By Bill Stinner-Trimble
Pilgrimage – it’s the best word I’ve found to describe my trip from Houston to Mansfield, Texas to see my dad’s restored 1960 Porsche 356B. The car’s been gone since 1966; my dad, since 1968. All my life, that red 356 has served as an icon to me – a window into my father’s life. He died at age 44. By then, he had owned several cars I wish I still had: a ’54 Studebaker, a ’58 MGA Coupe, a Mercedes in there somewhere, the ’60 356, and a 1967 Porsche 912.
He and my mom used to participate in sports car rallies. Mom was always the navigator. I don’t know what got my dad into Porsches – I’ve assumed it was a car to which he was exposed through their rally activity. He only owned that MGA for two years before trading it in on the 356. He must have been really eager to own a Porsche!
There weren’t many Porsche owners in the USA in 1960, so my dad must have enjoyed the attention garnered by this unique automobile. The original sales receipt for the 356 shows that he received $2200 in trade-in value for the 2-year old MG. Purchase price on the 356, brand new? $4343.50, all in. He took a note out on the car for $75 per month.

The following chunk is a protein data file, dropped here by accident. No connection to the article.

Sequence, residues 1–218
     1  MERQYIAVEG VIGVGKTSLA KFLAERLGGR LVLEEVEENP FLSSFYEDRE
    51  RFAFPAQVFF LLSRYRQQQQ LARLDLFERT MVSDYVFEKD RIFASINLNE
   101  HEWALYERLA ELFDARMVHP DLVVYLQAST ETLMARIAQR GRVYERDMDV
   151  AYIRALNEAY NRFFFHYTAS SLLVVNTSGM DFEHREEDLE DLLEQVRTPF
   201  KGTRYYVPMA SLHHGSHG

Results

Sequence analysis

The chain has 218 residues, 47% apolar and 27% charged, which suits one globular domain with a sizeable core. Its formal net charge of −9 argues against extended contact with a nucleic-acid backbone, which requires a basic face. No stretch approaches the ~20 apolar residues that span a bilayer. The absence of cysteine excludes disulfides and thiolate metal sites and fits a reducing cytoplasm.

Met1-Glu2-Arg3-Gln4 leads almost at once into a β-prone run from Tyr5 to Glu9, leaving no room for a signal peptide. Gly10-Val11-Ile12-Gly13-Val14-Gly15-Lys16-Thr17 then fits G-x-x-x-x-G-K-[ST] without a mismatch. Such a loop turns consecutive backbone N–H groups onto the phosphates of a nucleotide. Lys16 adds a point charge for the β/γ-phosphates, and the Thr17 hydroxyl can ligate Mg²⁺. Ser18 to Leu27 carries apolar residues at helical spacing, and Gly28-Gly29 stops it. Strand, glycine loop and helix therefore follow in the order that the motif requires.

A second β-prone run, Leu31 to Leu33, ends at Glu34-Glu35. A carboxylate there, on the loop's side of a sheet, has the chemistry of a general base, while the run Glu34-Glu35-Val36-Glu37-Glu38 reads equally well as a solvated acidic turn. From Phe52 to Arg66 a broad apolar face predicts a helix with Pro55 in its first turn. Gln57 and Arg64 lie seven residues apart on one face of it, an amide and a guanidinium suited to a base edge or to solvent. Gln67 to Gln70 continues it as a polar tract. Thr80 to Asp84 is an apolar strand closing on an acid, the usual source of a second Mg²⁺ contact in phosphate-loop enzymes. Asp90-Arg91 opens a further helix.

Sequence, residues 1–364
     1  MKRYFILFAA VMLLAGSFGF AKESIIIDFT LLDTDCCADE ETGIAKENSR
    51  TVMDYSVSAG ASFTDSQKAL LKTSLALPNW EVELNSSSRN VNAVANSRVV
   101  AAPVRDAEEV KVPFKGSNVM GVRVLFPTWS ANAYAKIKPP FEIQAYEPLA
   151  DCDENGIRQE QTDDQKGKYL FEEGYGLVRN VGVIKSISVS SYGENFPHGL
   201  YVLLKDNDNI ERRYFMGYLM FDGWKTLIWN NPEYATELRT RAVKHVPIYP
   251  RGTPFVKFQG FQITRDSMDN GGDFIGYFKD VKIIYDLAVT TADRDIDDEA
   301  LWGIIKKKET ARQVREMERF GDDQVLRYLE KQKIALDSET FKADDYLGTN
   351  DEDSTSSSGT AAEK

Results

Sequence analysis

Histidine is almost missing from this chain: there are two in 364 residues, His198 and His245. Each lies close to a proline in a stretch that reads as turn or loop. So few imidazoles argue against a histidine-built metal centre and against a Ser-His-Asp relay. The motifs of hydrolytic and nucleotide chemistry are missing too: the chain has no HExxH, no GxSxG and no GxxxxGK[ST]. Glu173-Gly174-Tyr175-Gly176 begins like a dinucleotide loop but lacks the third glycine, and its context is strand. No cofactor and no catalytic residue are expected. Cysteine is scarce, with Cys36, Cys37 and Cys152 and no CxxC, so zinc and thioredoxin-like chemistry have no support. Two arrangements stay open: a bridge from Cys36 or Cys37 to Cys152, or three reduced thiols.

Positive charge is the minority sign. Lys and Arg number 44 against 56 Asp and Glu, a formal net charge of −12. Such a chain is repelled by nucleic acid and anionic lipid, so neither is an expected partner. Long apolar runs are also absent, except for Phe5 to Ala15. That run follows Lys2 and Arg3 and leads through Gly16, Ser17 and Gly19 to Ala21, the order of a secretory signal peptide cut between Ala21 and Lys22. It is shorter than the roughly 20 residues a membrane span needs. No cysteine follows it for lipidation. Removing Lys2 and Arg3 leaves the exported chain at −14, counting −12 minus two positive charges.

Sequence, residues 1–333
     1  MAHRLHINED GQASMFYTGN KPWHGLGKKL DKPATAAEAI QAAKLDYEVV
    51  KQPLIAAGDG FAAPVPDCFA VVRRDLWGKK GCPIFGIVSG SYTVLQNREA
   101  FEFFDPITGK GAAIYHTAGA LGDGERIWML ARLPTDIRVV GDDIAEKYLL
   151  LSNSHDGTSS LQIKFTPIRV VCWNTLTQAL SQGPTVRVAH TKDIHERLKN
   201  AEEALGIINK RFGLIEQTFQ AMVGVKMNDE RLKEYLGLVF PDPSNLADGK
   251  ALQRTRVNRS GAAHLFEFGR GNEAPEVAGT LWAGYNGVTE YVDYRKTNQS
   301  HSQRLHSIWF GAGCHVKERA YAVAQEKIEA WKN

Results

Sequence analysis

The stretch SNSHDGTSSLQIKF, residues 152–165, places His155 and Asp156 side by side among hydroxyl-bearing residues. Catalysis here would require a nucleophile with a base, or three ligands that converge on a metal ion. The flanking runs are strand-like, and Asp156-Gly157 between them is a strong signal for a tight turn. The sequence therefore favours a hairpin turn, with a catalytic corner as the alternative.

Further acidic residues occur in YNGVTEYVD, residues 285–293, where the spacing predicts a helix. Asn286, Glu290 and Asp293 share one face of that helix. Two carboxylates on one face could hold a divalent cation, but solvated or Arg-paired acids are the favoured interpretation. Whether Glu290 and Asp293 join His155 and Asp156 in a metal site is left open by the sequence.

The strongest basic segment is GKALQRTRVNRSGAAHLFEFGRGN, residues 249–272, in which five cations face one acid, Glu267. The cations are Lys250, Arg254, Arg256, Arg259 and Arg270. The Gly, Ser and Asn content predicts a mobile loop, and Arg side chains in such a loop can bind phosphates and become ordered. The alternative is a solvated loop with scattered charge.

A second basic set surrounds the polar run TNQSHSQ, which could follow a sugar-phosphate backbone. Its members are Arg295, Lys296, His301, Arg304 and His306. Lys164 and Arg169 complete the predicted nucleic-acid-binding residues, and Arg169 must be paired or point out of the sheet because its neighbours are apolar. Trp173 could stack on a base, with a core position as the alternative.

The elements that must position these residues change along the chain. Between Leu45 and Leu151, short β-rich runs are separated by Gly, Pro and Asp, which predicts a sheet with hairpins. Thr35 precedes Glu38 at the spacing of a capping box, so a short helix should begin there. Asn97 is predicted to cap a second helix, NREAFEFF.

My trip to see my dad’s 356 was conveniently on the way to my company’s March meeting in Fort Worth. As luck would have it, the current owners live just a quarter of a mile out of my way. It was a long four hour drive in my new-to-me 2007 997.1 C2. All the way there, I lived in my imagination. What would it look like? How would I feel? I didn’t listen to the radio/music at all. Just me, my thoughts, and my new car. I was still getting used to the idea that I, myself, owned a Porsche; a lifelong dream realized.
The former owner of my cobalt blue 911 said I’d get used to it after a couple of weeks – he was wrong. Today, as I write this down more than six months after my purchase, I get a thrill each and every time I drive my Porsche. Each time I park it, I glance back. Or stare. Every time I wash it, I marvel at the engineering, the lines, and the storied legacy of my car.
As I turned onto the street where my dad’s car lived, I slowed and then stopped at a distance. I could see up ahead that there was a car on the driveway with a cover on it. The silhouette was unmistakable: the 356 was parked right out there on the drive. I pulled up, stopped and got out to walk around the car.
When I rang the bell, Barry & Gaile greeted me like a long lost relative, which in the automotive sense, I was. They invited me in – it was difficult to just leave the little red 356 out there, still unseen by me.